This FUN7 card I simply had to put into an entirely new section from the other FunCards when this card is no simple case of pull out one EEPROM size and stick in another. Not that you can do this hot swapping on wafer card mind you but you should know what I mean from the above FunCards.
The reason why this card is different from the other FunCards is that to move from the FUN6 to the FUN7 card you would expect to upgrade the 24LC1024 EEPROM to the 24LC2048 EEPROM. Bingo! Your new FUN7 card is born when you can slot it in with all the other cards while you get busy on the 24LC4096 EEPROM for the FUN8 card.
Unfortunately the flaw with this ever doubling the EEPR0M size is that there is no 24LC2048 EEPROM. Damn! Now there will be no FUN7 card you may think. Then again if you look closely at the above technical details you will see that the AT90S8515A has a small surprise in store.
This surprise I can now reveal is that this FUN7 card comes with two whole 24LC1024 EEPROMs wired in. That is all of 262,144 bytes of combined storage, or 256 KB should you wish to round up to something more common. Modern flash devices can certainly do better but this is a damned lot of storage for the tiny size that a wafer card has available.
If you remember the former PCB based Quadra cards then this FunCard seems very much like the FunQuadraCard. Packing all this equipment into such a tiny space explains why this FUN7 card will always cost quite a lot more than the other FunCards.
Anyway should you need a huge amount of data storage on a wafer card then there is unlikely to ever be a card on this very cards page that can hold as much. There will never be a FUN8 card either now that all the suitable pins on this microcontroller have been used to support the largest sized EEPROMs.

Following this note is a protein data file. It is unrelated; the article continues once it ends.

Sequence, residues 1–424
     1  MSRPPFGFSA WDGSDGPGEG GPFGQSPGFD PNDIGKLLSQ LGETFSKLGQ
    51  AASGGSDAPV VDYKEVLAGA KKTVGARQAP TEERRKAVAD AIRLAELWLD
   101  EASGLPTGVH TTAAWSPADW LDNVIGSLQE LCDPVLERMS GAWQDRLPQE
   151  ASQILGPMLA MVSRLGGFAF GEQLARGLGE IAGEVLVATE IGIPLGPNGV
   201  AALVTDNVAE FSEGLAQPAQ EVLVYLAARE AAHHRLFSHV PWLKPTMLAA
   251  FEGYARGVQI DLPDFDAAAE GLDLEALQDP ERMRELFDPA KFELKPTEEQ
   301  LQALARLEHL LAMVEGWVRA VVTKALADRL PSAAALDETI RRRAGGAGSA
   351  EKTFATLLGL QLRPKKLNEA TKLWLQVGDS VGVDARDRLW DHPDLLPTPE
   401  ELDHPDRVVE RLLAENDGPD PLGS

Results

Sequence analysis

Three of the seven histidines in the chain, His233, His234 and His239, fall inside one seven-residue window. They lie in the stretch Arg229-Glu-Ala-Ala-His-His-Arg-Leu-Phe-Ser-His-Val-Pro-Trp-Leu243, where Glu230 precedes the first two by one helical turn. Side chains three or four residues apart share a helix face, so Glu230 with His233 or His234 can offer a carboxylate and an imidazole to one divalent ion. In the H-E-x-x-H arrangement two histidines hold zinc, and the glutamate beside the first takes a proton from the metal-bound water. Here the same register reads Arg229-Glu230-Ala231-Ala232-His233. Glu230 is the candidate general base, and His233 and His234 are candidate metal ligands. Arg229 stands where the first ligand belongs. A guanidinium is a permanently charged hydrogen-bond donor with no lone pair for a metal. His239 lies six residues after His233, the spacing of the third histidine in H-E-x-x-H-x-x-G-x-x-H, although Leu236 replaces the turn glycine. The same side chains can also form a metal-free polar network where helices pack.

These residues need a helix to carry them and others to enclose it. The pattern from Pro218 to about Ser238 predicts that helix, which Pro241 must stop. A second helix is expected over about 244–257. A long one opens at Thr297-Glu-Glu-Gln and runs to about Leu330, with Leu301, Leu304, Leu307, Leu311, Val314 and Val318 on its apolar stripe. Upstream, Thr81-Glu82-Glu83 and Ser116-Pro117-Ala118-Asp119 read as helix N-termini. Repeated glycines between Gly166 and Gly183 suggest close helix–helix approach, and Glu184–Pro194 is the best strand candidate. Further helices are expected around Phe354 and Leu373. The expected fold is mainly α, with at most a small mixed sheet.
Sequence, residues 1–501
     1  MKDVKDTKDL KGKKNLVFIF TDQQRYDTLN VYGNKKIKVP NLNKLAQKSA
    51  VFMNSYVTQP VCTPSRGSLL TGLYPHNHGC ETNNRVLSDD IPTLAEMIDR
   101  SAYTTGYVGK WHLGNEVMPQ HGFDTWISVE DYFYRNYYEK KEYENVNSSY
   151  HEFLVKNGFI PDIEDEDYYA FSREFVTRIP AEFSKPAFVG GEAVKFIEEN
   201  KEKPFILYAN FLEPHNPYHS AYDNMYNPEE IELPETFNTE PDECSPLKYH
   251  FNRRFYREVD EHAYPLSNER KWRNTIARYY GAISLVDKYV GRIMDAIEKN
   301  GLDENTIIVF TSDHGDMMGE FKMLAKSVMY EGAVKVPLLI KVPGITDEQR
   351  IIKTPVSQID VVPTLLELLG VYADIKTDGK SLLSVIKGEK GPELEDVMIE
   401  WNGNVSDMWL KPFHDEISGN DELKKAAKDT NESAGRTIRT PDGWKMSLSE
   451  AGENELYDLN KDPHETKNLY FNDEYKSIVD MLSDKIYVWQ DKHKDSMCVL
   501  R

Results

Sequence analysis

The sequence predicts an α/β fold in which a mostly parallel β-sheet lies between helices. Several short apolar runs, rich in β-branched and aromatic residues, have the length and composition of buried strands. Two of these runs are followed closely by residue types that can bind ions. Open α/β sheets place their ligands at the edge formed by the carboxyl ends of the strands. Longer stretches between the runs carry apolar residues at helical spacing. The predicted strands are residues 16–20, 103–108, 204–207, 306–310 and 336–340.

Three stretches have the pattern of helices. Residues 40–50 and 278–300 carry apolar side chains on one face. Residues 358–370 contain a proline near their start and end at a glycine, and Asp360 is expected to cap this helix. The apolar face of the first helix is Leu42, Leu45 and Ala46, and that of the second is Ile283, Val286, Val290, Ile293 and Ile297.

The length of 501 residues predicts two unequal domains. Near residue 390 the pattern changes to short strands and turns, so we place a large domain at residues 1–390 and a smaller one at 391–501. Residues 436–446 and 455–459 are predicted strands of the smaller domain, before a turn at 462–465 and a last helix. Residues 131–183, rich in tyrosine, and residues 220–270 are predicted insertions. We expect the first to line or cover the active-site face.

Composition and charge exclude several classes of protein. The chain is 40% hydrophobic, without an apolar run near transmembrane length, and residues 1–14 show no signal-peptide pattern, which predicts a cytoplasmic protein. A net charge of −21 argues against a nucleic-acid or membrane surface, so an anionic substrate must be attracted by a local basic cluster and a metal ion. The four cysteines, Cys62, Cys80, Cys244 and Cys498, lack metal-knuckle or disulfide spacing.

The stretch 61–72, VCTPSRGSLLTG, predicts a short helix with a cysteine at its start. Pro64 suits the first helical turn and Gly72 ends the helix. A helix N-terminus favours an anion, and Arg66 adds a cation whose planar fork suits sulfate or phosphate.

One thing I should add is that some people like to ask me how these FUN6 and FUN7 cards can have 24LC1024 EEPROMs when Microchip does not yet make a 24LC1024 EEPROM? The 24LC1024 happens to be a Microchip model code where Microchip only do the 24LC512.
The answer to this question is that every card on this Card's page will actually contain a slightly different EEPROM model to that stated where all smartcard suppliers like myself stick to a standard EEPROM format, namely 24x1024, 24C1024 or 24LC1024, to indicate compatibility with other cards on the market. In this more extreme example FunCards are actually made using Atmel EEPROMs for compatibility reasons. Atmel microcontroller matched to an Atmel EEPROM.
So there is your answer to why I and other supplier's mention the 24LC1024. You can also begin to see why some problem Funcards have been known to hit the market with a microcontroller and EEPROM timing issue, only from other suppliers I should state, due to manufacturer's making use of real Microchip EEPROMs due to cost savings.
You can also be certain that all the common FunCard supporting programmers around will support this FUN7 card. I should also mention that you should be able to use all the common FunCard firmware in this card when such firmware will simply ignore the second EEPROM.